One of the main points of contention in many divorces is the division of marital property. There are often two issues that must be resolved in any property dispute: How to classify the property (is it marital property or separate property?) and the value of the property (how much is it worth?).
This is part one of a two-blog series on the complexities of the division of marital property in a divorce. This blog will focus on property classification issues. A subsequent blog will focus on property valuation issues.
When looking at the division of marital property, the first question that must be answered is whether the property is indeed marital property, i.e., is the property properly classified as marital property? Marital property is subject to division under Texas divorce law; while the non-marital property is not.
Some property classification issues can be easily decided. If the property was acquired during the marriage, using marital funds, it can be classified as marital property. For example, you have been married 20 years; your funds are kept in a joint bank account, funded solely by money earned during the marriage. Last year, you and your spouse withdrew funds and purchased a car, that car would be properly classified as marital property.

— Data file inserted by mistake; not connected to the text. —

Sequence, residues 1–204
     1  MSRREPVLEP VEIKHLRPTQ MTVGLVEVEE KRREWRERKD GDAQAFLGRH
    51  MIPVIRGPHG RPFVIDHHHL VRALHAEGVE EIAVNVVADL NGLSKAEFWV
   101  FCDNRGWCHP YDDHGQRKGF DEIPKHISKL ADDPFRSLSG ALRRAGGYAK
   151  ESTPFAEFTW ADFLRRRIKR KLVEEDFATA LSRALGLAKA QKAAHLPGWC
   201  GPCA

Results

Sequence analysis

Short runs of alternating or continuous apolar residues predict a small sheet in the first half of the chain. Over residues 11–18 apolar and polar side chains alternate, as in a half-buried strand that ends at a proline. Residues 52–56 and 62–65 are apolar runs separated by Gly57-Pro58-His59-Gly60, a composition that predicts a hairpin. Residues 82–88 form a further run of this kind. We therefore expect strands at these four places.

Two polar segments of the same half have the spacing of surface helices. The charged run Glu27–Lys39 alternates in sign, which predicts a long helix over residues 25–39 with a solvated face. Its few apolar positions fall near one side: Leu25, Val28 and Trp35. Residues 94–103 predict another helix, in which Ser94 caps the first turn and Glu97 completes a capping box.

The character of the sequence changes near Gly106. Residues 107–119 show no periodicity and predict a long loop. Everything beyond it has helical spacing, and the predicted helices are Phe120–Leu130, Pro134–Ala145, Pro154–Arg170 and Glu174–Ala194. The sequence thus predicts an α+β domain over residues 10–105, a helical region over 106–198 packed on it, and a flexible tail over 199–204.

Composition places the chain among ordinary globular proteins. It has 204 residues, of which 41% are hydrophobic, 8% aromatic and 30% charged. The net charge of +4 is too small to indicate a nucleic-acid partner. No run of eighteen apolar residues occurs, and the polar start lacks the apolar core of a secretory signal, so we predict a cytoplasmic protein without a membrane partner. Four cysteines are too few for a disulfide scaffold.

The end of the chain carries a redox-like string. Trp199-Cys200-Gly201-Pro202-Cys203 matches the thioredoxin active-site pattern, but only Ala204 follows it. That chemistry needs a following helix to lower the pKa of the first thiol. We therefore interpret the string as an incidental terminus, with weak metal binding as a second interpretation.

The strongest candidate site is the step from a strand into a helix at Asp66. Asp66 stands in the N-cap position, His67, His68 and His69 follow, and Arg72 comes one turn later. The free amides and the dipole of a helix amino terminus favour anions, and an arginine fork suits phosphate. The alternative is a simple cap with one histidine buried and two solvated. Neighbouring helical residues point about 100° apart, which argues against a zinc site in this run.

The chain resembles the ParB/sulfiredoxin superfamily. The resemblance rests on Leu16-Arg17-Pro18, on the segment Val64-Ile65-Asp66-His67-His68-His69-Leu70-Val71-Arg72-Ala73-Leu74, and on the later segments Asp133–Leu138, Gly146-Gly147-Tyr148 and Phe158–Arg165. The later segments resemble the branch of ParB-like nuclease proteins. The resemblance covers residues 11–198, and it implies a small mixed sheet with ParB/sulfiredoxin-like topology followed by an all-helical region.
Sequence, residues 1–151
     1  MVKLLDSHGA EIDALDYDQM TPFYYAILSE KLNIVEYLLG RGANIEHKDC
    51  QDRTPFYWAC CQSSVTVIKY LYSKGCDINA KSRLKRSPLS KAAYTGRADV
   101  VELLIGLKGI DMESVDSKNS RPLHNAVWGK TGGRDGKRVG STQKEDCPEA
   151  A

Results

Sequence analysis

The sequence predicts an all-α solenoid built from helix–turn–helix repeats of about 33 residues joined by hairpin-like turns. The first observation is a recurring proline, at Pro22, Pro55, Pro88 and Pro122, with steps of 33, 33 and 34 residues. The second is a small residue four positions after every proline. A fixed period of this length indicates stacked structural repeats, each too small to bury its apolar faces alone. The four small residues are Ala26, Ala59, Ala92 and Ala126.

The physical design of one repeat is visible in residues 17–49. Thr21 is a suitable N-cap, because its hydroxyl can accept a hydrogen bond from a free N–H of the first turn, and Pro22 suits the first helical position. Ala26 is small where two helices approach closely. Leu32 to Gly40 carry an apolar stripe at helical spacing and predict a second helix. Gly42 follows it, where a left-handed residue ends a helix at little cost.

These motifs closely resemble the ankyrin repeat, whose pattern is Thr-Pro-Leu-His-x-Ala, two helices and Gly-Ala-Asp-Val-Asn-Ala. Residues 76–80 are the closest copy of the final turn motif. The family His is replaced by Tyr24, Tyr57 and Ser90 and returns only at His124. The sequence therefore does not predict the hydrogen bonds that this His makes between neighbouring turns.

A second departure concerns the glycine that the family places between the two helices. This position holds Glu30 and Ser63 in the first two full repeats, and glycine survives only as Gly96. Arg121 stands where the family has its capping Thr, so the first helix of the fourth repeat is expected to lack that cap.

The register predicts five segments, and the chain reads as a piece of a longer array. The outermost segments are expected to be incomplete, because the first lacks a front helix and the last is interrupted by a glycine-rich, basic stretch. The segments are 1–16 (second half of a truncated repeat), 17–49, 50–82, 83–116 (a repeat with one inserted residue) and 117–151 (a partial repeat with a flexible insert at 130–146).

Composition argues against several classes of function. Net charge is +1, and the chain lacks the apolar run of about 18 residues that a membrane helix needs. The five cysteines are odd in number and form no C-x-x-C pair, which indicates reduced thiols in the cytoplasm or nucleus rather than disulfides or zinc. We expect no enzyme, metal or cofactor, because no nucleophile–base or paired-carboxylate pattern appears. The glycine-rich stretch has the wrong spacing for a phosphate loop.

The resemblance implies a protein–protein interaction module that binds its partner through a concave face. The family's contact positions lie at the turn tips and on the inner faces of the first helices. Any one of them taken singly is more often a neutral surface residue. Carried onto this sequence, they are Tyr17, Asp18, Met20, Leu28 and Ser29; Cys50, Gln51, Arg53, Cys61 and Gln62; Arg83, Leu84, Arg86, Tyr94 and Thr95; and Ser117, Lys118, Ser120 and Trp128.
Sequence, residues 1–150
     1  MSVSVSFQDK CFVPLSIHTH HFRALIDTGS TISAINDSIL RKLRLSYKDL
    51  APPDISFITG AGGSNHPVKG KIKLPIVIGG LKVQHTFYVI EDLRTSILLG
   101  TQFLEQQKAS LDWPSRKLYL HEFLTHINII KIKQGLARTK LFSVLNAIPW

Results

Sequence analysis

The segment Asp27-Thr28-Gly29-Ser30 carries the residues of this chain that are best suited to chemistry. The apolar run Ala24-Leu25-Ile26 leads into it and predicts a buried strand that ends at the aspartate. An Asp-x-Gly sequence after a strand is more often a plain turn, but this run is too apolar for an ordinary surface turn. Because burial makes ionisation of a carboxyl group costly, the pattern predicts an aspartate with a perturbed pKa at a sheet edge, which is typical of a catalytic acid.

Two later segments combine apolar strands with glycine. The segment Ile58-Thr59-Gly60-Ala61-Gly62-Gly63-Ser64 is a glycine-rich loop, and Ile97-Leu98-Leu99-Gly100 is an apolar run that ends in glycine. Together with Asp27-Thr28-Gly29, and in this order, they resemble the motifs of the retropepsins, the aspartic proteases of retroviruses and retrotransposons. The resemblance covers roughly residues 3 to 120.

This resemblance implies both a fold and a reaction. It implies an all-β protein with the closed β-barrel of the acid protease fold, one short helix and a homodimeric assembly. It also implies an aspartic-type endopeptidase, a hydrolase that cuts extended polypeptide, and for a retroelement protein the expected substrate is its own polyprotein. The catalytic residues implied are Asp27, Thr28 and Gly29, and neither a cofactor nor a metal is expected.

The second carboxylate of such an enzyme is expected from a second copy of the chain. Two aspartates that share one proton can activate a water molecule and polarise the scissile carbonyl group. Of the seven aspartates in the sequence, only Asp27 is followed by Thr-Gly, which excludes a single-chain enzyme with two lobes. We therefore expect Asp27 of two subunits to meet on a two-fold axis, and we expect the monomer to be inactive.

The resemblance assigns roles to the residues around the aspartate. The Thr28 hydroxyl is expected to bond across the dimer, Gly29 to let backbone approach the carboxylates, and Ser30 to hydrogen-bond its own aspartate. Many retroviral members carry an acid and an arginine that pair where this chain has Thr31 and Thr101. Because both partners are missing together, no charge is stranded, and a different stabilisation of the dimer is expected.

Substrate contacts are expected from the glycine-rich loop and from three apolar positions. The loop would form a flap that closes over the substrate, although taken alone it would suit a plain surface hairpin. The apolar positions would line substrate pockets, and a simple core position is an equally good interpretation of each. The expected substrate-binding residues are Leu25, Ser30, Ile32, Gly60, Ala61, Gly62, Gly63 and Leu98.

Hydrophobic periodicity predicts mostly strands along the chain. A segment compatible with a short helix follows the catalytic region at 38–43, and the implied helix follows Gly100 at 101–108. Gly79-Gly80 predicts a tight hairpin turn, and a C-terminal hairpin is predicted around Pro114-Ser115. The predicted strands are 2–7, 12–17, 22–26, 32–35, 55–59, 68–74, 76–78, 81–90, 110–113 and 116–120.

On the other hand, if you had a property you brought into a marriage (e.g., a family heirloom), that property would be classified as separate property (non-marital property) and would not be subject to division during a divorce.
In general, separate property is:
- Property acquired prior to marriage
- Property acquired through gift or inheritance
- Compensation for personal injury (not including compensation for lost wages)
- Property acquired in exchange for one of the above
Marital property is everything else.
However, complexities arise when separate property is commingled with marital property. For example, your spouse brings a house into a marriage, but money is still owed on the house, which is currently being paid with marital funds. In addition, maintenance of the home is also paid with marital funds. Moreover, the home has appreciated or depreciated during the course of the marriage.
In the above example, there are many issues involving the classification of the home as marital property or separate property. An experienced family law attorney can assist you with issues such as the classification of property in a divorce.
Individuals throughout the DFW Metroplex contemplating divorce or who have been served with divorce papers, and have a division of property issues, including the classification of property as marital property or separate property can turn to Pfister Family Law for experienced help.
We offer accurate information and experienced advice, from a legal team of John J. Pfister Jr. and Charity K. Borserine, family law attorneys with more than 30 years of combined experience, including Mr. Pfister, who is a Board Certified Family Law Specialist (certified by the Texas Board of Legal Specialization). We will provide you with your options and guard your legal interests.